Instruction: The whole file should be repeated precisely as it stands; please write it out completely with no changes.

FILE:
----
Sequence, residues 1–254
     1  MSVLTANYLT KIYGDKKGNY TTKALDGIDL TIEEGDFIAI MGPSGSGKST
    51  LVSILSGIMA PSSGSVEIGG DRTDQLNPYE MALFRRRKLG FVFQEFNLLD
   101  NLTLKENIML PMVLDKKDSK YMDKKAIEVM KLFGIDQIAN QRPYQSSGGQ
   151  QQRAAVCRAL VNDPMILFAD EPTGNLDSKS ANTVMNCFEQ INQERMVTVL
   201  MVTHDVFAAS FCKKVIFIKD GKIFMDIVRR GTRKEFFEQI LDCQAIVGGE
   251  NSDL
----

Sequence, residues 1–254
     1  MSVLTANYLT KIYGDKKGNY TTKALDGIDL TIEEGDFIAI MGPSGSGKST
    51  LVSILSGIMA PSSGSVEIGG DRTDQLNPYE MALFRRRKLG FVFQEFNLLD
   101  NLTLKENIML PMVLDKKDSK YMDKKAIEVM KLFGIDQIAN QRPYQSSGGQ
   151  QQRAAVCRAL VNDPMILFAD EPTGNLDSKS ANTVMNCFEQ INQERMVTVL
   201  MVTHDVFAAS FCKKVIFIKD GKIFMDIVRR GTRKEFFEQI LDCQAIVGGE
   251  NSDL